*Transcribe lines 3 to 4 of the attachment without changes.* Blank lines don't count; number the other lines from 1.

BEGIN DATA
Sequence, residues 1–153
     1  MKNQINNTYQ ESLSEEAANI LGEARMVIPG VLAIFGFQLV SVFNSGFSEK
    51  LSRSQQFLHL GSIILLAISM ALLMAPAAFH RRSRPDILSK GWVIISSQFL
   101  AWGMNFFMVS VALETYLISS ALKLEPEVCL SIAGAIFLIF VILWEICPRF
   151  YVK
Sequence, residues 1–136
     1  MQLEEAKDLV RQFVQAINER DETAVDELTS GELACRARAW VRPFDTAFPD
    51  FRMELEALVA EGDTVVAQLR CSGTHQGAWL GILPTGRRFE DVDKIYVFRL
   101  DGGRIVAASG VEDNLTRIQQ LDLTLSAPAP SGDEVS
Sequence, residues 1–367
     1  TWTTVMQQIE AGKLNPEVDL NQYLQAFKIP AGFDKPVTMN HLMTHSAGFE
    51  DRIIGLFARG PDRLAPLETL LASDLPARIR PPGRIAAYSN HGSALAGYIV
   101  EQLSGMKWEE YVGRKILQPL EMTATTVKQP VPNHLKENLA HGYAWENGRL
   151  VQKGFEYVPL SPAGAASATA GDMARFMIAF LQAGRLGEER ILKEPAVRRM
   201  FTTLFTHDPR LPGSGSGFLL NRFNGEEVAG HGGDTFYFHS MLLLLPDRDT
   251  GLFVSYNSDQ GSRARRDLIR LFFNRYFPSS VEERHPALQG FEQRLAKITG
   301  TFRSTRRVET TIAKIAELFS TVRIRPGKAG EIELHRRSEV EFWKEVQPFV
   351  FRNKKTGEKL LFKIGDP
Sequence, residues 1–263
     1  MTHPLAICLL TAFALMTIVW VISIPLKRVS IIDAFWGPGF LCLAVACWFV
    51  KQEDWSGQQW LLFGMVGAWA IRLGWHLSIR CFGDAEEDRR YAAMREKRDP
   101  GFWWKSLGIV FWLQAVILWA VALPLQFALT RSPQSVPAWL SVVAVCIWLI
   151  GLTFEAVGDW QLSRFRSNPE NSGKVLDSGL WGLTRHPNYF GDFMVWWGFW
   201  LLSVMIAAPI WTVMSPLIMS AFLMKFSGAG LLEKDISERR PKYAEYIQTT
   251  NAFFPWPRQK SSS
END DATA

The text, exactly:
    51  LSRSQQFLHL GSIILLAISM ALLMAPAAFH RRSRPDILSK GWVIISSQFL
   101  AWGMNFFMVS VALETYLISS ALKLEPEVCL SIAGAIFLIF VILWEICPRF